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Feature Selection

Feature Selection

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Feature Selection

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  1. Feature Selection

  2. Goals • What is Feature Selection for classification? • Why feature selection is important? • What is the filter and what is the wrapper approach to feature selection? • Examples

  3. What is Feature Selection for classification? • Given: a set of predictors (“features”) V and a target variable T • Find: minimum set F that achieves maximum classification performance of T (for a given set of classifiers and classification performance metrics)

  4. Why feature selection is important? • May Improve performance of classification algorithm • Classification algorithm may not scale up to the size of the full feature set either in sample or time • Allows us to better understand the domain • Cheaper to collect a reduced set of predictors • Safer to collect a reduced set of predictors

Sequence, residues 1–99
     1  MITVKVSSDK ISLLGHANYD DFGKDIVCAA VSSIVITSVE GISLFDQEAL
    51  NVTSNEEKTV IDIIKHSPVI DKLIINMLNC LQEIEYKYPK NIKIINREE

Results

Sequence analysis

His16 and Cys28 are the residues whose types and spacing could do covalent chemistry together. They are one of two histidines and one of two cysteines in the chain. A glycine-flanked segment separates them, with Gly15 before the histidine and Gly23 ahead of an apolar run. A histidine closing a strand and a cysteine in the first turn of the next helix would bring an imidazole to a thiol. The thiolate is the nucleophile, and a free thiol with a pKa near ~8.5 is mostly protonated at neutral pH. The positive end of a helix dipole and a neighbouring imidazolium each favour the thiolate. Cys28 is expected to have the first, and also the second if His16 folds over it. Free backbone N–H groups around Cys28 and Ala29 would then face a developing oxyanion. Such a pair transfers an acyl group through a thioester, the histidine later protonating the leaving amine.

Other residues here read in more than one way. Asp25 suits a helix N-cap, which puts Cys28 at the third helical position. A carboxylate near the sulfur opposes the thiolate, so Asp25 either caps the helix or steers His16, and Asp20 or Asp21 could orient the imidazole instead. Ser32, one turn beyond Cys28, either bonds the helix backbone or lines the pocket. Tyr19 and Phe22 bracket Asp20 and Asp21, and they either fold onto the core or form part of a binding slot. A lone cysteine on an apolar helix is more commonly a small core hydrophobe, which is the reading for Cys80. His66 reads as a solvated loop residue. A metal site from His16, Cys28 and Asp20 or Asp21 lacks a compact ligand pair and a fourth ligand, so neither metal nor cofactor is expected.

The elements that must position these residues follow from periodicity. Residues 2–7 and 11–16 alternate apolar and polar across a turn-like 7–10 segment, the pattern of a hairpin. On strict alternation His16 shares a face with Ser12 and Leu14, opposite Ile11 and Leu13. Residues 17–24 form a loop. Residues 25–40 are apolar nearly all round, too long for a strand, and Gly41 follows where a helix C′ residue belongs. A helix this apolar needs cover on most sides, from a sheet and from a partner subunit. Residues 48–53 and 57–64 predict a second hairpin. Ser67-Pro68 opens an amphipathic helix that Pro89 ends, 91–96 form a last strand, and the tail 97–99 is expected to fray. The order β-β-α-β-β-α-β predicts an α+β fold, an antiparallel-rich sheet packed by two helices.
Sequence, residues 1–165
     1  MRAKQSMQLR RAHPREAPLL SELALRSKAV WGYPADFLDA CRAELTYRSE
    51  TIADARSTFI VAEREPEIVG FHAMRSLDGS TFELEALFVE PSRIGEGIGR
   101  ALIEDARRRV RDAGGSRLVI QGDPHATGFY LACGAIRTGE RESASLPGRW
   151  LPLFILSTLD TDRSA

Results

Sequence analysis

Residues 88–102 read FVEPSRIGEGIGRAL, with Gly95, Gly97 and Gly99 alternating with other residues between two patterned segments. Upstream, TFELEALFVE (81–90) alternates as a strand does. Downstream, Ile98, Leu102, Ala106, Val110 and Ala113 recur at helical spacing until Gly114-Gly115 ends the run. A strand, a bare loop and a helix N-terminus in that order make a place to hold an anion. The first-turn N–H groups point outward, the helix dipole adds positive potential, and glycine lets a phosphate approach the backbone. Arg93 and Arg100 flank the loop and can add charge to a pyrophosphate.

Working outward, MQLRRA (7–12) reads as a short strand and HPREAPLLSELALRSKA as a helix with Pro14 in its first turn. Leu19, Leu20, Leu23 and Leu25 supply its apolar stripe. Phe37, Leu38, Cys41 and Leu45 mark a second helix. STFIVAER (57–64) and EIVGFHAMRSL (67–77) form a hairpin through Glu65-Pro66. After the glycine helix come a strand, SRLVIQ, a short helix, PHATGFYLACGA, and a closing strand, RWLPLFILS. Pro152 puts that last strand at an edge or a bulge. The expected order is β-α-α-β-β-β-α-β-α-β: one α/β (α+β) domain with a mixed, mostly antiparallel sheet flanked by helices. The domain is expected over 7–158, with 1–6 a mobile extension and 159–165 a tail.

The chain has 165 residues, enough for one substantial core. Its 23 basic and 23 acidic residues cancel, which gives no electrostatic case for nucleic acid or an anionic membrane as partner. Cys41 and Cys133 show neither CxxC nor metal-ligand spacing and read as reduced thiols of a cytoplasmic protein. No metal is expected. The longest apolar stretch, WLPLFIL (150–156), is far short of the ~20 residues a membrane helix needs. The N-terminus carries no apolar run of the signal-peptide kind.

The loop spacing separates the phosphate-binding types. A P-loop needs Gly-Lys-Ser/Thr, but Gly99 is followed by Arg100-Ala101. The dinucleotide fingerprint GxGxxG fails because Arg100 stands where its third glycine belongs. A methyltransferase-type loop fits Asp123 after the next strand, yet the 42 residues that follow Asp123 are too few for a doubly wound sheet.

5. Filters vs Wrappers: Wrappers Say we have predictors A, B, C and classifier M. We want to predict T given the smallest possible subset of {A,B,C}, while achieving maximal performance (accuracy) FEATURE SET CLASSIFIER PERFORMANCE {A,B,C} M 98% {A,B}M 98% {A,C} M 77% {B,C} M 56% {A} M 89% {B} M 90% {C} M 91% {.} M 85%

  6. Filters vs Wrappers: Wrappers The set of all subsets is the power set and its size is 2|V| . Hence for large V we cannot do this procedure exhaustively; instead we rely on heuristic search of the space of all possible feature subsets. {A,B} 98 start {A} 89 {A,C} 77 {A,B}98 {A,B,C}98 {} 85 {B} 90 {B,C} 56 {A,C}77 {C} 91 end {B,C}56

  7. Filters vs Wrappers: Wrappers A common example of heuristic searchis hill climbing: keep adding features one at a time until no further improvement can be achieved. {A,B} 98 start {A} 89 {A,C} 77 {A,B}98 {A,B,C}98 {} 85 {B} 90 {B,C} 56 {A,C}77 {C} 91 end {B,C}56